- If our motivation for pursuing obedience is anything other than as an expression of love for God, then our heart is in the wrong place. We do not pursue obedience to receive love from God, only to express our love for Him.
- If we pursue perfection as a response of love for God, we cannot fail. God is so gracious that even our weakest (but sincere) efforts at obedience move His heart, and he counts them as love.
Tending Our Garden
In order to make sure we are reading the Sermon on the Mount from the perspective of a lover rather than a legalist, I suggest thinking about Jesus’s teachings in Matthew 5-7 in the context of a garden.
Let us quickly go back to the beginning, to Genesis 2, where we learn that God planted a garden called “Eden.” It was amid this garden that He placed man, the prized member of His creation. The garden was intended to be the place of encounter and delight – the place where God would meet with man in a divine exchange of love and refreshment. Genesis 2:15 tells us that Adam and Eve’s primary task was to tend the garden, to nurture the place of encounter.
In the garden, the joy of voluntary obedience was offered. God gave Adam and Eve freedom of will, with safe boundaries within which to enjoy what He had created. The only restriction was that they were not to eat from the “Tree of the Knowledge of Good and Evil.” Although man was made to have dominion over the earth and to rule over God’s creation, we were not made to do it based on our independent observations and understandings of our environment. Instead, God created man to rule based on encounter and communion with His heart. The presence of the “Tree of the Knowledge of Good and Evil” presented man with a choice. Would we choose God’s plan or his own way?
Well, we all know the answer to that question, and it is an unfortunate one. But we are not going to focus on that today.
So, if the Garden of Eden was to be the place of encounter with God for Adam and Eve, where has God chosen as the place of encounter for us today? Through the sacrifice of Jesus and the gift of the Holy Spirit, our hearts are now the garden in which we commune with God and encounter His heart.
And nothing has changed. Our foundational work is still to tend the garden.
In the weeks to come, I would like to spend some time examining the teachings of Jesus in the Sermon on the Mount. But as we do so, I would like for you to consider the following:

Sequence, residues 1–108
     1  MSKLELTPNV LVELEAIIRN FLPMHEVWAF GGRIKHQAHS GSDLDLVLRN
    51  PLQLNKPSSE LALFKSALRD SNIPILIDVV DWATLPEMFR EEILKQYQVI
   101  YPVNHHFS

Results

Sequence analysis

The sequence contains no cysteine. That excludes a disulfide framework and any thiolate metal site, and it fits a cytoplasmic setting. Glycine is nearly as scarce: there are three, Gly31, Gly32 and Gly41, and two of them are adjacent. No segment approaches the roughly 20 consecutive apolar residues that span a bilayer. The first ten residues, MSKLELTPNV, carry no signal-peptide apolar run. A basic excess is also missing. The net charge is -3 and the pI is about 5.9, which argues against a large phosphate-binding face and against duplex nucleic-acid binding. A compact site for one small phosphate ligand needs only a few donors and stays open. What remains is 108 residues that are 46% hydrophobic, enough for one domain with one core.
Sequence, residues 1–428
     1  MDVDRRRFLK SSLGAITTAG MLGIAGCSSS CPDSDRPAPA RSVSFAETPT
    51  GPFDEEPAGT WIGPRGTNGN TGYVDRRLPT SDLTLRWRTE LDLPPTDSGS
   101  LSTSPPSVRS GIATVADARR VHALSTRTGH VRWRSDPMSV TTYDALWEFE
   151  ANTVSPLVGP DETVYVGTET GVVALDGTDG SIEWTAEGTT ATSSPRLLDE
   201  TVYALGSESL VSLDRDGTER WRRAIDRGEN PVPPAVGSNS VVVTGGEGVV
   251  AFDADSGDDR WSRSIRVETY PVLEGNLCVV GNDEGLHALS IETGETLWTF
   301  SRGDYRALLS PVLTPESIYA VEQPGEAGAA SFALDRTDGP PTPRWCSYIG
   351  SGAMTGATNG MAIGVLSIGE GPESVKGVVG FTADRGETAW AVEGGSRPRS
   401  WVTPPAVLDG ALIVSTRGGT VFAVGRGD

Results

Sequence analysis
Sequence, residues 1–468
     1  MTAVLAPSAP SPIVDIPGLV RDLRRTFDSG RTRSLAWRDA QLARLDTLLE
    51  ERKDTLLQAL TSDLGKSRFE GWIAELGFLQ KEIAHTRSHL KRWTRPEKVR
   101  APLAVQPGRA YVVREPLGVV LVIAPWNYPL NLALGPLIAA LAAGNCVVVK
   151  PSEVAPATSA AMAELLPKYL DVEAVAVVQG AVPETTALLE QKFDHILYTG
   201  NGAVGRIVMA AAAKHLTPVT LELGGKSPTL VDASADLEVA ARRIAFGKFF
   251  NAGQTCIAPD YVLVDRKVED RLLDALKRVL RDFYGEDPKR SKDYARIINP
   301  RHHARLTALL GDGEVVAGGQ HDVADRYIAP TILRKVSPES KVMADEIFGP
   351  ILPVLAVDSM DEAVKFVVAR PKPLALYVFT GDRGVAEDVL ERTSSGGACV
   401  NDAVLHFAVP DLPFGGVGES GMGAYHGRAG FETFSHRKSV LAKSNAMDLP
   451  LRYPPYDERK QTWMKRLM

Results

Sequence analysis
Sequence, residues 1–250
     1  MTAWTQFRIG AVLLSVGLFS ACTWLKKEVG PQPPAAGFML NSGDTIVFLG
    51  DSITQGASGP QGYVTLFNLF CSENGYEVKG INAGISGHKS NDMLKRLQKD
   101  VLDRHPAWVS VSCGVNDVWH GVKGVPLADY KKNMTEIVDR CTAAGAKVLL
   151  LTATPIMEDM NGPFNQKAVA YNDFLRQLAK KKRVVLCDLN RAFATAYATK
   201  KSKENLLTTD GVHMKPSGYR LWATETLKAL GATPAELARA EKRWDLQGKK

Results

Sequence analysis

- The eight beatitudes, found in Matthew 5:3-12, are the flowers that God desires to see come into full bloom in the garden of our hearts. Jesus begins by describing how the garden is to look; what He considers to be a healthy and fruitful environment for encounter with Him. The beatitudes do not describe things we are to do, but things we are to become. It should come as no surprise that Jesus begins by dealing with our hearts rather than our actions.
- In Matthew 5:21-48, Jesus turns His attention to pointing out six specific weeds and toxins that can easily choke out life in our garden. Some are obvious. Some are not. We must be aware of all of them and be certain that we do not let them have their way.
- Finally, in Matthew 6:1-24, Jesus goes on to describe five activities in which we can engage that serve as water and fertilizer for our garden. Each is an area in which we embrace voluntary weakness in order to position our heart to receive more grace. These are not activities that somehow cause God to love us more. In fact, they do not earn us anything from God. They are simply devotional practices that help us position our hearts to better appropriate the gift of grace.
Having this type of perspective as we encounter Jesus in the Sermon on the Mount is life giving. Take it from a struggling legalist. Any other approach to this passage will leave you feeling condemned and hopeless. Jesus came not only to give us eternal life, but abundant life (John 10:10), and both are found through regular encounters with Him in the garden of our heart.
Tend your garden.